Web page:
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Claims(11)
1. A liquid ejection apparatus comprising:
a liquid ejection head having a nozzle surface, the nozzle surface including a nozzle opening, the liquid ejection head ejecting a liquid from the nozzle surface;
a liquid receiver having an opening provided in correspondence with the nozzle surface of the liquid ejection head, the liquid receiver being capable of receiving the liquid ejected as a waste liquid from the nozzle opening of the liquid ejection head through the opening of the liquid receiver;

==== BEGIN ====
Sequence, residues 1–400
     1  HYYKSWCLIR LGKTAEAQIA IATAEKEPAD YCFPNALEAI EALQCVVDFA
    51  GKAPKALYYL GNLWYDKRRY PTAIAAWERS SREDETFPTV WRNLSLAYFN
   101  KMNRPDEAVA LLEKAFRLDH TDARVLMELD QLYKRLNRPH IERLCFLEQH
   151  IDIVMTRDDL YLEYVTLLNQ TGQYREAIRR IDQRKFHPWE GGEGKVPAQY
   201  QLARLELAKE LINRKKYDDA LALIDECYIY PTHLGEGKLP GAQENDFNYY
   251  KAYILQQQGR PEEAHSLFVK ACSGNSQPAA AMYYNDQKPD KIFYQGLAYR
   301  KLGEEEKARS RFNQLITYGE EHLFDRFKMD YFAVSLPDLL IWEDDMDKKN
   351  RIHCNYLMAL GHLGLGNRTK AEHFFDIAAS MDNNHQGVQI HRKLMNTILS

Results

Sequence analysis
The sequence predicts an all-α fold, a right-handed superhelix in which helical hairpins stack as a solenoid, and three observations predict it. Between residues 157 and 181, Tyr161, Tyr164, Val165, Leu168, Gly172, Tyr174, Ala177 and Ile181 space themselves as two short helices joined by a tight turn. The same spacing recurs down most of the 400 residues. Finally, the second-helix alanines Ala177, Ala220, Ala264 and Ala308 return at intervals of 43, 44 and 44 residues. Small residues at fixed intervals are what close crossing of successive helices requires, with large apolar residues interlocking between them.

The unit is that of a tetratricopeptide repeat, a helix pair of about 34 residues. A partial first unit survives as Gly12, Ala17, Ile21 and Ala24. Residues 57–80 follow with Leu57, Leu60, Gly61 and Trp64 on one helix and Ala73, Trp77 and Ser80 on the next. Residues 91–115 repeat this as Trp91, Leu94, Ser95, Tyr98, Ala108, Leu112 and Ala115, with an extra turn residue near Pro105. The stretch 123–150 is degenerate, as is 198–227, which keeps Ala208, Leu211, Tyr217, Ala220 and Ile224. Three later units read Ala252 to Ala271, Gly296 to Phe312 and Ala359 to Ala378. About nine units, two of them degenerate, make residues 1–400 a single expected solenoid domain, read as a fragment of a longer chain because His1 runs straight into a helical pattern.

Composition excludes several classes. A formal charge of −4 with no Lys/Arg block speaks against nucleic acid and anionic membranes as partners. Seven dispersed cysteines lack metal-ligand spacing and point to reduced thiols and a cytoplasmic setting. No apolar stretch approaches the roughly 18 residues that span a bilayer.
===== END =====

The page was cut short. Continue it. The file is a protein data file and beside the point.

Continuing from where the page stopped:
a liquid receiver movement mechanism that moves the liquid receiver between a receiving position at which the opening of the liquid receiver opposes the nozzle surface of the liquid ejection head and a non-receiving position spaced from the receiving position;
a lid body arranged at the non-receiving position, the lid body contacting the liquid receiver in such a manner as to close the opening of the liquid receiver after the liquid receiver is moved to the non-receiving position by the liquid receiver movement mechanism; and
an urging member that urges the lid body toward the liquid receiver while the lid body closes the opening of the liquid receiver in the non-receiving position.
2. The apparatus according to claim 1 further comprising a carriage that reciprocates, the liquid ejection head being mounted in the carriage, the liquid receiver movement mechanism moving the liquid receiver in a direction perpendicular to the direction in which the carriage reciprocates.